Production and utilisation of energy round the world are changing, due to a combination of forces. Some of these changes are imposed (redistribution of energy needs and the Earth’s resources, measures that anticipate the depletion of fossil fuel sources); others are vountarily implemented (the search for energy autonomy, the fight against global warming and climate change, industrial competition).
France has launched a nation-wide debate on possible future policies in these areas. The National Academy of Technologies of France (NATF) — in its endeavours to gain the widest consensus possible on these thematics — sets out the technical data that will hopefully modulate the Government’s strategies up to a horizon 15 to 20 years ahead. This document is not as such a formal academic Advice Note and does not propose to make particular choices among the scenarios studied.
It is a first contribution of NATF to the ongoing debate, prior to defining strategic decisions and making comparative economic assessments. NATF investigated two evolutionary, almost contradictory, trends with close attention : the policy paths chosen respectively by the USA and Germany. This comparison provides some very useful information and food for thought.
The first certitude, in the case of France, is that demand must be controlled, energy saved and its utilisation improved. We can hope to decrease needs by taking measures such as installing more/better building insulation, including older buildings, encouraging the purchase of more efficient household appliances, meeting heating needs by direct heating, geothermy, recovered heat redistributed via urban networks, thermal solar panels, heat pumps, etc. New urban areas and cities must be (re)designed to be energy lean and require less commuting. We must not underestimate the difficulties in addressing these questions; none of them are new and the solutions will call for a high level of financial outlay and societal commitment.
If we consider the future of fossil fuels, it is the liquid phase fuels where competition will be strongest and will occur earliest. Use of fossil fuels must be ‘reserved’ for transport uses and for the chemical industry sectors. Cars and vehicles will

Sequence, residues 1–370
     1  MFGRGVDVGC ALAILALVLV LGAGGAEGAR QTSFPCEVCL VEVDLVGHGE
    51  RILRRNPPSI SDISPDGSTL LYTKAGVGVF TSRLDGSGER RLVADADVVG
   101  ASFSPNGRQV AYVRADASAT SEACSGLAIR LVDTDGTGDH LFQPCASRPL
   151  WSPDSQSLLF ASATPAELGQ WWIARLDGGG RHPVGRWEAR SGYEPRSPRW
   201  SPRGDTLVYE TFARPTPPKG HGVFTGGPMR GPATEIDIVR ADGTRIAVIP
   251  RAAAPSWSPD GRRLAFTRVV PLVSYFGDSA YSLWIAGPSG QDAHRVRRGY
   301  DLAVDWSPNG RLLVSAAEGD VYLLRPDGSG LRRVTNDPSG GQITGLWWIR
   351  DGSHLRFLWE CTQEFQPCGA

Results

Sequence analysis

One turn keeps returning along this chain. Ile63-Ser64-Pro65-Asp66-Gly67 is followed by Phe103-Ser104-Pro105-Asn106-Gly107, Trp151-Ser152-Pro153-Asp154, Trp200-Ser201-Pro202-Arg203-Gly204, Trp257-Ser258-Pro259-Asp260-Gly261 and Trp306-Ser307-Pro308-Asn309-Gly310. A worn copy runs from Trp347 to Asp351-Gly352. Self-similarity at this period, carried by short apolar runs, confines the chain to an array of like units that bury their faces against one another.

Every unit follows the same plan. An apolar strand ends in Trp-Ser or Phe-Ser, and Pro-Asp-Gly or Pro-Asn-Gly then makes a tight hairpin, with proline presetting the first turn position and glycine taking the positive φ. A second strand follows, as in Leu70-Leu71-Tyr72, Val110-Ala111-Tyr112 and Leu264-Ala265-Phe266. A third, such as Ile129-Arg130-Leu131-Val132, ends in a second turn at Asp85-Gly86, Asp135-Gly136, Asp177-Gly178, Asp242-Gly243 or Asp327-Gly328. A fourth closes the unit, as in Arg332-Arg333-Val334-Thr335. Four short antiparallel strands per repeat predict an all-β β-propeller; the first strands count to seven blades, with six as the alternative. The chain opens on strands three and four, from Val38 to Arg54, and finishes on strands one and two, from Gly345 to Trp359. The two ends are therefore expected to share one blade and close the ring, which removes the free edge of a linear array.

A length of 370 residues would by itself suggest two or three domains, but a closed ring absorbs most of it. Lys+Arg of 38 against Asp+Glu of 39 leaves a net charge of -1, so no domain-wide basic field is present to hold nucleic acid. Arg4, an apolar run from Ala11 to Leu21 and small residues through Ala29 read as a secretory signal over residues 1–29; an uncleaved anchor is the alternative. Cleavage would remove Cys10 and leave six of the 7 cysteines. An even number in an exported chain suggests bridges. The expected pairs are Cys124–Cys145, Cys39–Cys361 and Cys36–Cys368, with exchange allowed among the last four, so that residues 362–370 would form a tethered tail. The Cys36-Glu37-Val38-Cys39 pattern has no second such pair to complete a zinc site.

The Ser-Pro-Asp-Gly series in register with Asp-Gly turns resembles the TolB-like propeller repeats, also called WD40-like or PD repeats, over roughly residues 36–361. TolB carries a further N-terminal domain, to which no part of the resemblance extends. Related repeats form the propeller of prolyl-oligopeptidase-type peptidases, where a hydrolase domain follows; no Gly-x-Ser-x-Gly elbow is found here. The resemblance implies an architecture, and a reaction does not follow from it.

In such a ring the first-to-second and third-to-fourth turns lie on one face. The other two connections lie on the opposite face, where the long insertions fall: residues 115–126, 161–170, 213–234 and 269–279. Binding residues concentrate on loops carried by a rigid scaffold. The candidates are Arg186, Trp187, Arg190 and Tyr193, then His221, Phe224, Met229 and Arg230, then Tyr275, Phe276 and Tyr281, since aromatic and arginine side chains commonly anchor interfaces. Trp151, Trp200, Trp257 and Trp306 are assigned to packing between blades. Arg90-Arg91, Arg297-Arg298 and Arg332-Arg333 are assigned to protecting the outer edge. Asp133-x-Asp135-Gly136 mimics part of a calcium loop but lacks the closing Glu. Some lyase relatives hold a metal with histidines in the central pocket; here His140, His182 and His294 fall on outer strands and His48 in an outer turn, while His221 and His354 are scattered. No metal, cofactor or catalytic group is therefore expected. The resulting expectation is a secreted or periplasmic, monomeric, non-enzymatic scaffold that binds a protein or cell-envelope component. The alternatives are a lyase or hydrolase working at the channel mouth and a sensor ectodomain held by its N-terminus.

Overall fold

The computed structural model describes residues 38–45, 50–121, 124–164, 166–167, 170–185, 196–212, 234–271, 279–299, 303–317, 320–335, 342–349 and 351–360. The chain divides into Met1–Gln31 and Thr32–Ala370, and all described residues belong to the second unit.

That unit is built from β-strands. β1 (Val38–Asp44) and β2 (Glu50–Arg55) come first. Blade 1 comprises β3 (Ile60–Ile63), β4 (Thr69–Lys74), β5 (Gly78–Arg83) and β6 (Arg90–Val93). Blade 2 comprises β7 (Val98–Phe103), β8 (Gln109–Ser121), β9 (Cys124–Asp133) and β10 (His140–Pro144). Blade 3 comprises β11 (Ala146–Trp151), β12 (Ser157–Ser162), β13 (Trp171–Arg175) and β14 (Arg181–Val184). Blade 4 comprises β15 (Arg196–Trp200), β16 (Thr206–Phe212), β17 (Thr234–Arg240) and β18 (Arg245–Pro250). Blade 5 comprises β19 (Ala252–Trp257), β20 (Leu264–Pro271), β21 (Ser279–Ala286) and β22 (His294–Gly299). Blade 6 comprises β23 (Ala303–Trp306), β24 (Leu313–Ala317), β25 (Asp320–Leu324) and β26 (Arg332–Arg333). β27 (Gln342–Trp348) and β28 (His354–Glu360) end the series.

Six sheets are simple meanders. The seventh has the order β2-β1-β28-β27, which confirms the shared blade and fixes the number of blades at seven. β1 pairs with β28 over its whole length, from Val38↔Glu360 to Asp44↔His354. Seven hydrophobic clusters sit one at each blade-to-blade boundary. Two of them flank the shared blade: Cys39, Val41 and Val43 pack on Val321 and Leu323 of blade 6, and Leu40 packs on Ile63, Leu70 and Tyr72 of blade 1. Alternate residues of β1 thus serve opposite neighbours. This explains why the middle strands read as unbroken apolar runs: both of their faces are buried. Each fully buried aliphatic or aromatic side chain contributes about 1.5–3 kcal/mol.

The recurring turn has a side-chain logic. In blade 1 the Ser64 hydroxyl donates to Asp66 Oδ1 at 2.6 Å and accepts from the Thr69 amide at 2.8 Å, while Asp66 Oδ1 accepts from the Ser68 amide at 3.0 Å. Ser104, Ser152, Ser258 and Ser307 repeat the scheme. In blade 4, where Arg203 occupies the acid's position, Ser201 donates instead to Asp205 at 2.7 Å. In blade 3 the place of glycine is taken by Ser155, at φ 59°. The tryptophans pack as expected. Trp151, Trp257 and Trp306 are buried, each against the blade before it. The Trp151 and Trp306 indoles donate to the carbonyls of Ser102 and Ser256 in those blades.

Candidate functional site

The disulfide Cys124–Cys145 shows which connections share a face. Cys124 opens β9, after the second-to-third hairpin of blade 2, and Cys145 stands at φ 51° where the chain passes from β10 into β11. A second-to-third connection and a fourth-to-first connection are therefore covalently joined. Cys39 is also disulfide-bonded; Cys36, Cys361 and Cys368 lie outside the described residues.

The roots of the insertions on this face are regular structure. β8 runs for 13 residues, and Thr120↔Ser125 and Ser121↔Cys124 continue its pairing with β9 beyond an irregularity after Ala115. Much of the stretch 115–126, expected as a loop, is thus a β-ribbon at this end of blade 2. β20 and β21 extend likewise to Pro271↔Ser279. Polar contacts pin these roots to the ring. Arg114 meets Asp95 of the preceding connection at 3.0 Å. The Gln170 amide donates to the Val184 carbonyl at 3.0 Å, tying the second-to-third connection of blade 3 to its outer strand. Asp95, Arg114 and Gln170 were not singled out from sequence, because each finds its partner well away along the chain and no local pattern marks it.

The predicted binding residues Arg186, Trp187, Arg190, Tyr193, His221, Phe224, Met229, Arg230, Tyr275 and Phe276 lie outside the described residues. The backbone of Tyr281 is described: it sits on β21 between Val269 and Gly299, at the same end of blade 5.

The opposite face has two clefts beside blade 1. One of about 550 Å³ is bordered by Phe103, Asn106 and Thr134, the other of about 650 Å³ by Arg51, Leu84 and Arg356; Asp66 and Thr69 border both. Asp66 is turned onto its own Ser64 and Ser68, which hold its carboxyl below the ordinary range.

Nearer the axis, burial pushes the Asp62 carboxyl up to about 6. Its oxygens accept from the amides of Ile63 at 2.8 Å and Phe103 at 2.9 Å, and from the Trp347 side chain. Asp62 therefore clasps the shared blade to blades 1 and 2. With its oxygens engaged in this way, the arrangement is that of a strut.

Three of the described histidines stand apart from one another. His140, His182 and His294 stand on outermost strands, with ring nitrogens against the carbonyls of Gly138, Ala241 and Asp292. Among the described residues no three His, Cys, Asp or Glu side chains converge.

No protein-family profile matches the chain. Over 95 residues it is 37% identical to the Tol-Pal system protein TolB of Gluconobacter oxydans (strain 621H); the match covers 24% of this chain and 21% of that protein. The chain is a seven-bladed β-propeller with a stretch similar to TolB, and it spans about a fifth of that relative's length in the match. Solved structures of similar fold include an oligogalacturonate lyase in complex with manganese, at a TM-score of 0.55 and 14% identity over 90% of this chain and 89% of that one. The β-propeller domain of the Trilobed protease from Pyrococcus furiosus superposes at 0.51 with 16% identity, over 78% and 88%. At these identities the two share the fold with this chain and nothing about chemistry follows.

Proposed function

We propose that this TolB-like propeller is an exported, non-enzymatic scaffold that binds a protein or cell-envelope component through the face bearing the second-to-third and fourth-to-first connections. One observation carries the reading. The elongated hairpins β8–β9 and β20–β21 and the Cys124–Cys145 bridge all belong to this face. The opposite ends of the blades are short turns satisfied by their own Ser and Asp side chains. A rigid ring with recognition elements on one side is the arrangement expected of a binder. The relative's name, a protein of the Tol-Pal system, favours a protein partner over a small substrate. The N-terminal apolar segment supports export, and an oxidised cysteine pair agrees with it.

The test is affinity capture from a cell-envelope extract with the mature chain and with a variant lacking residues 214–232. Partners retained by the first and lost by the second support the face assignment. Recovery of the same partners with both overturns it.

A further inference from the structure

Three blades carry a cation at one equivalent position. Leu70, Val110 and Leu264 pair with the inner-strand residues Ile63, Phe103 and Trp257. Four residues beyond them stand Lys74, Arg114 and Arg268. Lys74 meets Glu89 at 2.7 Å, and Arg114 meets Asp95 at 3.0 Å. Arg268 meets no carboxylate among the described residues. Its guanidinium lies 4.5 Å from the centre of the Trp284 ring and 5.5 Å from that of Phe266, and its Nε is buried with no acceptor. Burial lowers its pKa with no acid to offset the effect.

evolve towards models that will increasingly use electricity, at least in the case of hybrid vehicles and perhaps gas-driven models, but this per se will not represent an important energy source transfer by 2025. Industrialists will be led to stabilizing their energy requirements, by continuous product improvement.
Where production of electricity is concerned, the nuclear power capacity in service today in France will continue to be available, but might move to a lower power output. Improvements should be sought in terms of nuclear power flexibility, if only to avoid seeing the development of intermittent renewable energy sources (wind, sun) leading to an increase in use of fossil fuels. Problems associated with the intermittency factor for wind power and solar power are studied in detail below;
solutions do exist but they carry a higher price-tag. Current construction programmes in renewables energies (RENs) are sufficient if pursued at a steady pace. There is no need to go beyond summer-time peak demand since the excess energy produced would not easily find a buyer in summer-time. Nuclear power can prove useful to offset long intermittencies (outages due to low winds or overcast skies), hydro-electric generation (notably the ‘Step’ hydro pump storage installations)
the combined cycle gas turbine stations or the thermal (coal, oil or diesel fuel burning) power stations that are already commissioned can be used for short intermittencies.
To ensure overall power supply/demand balance, there is a clear need for increasingly “smart” grids.
No-break renewable energy sources (hydro-electric turbines, geothermy, biofuels, and biogas) must be developed. It will also prove vital to assure our energy procurement in the future, to assess the possible shale gas reserves accessible
within French frontiers.
Total decrease of energy consumption in France could attain –15% by 2025 and –30% by 2050.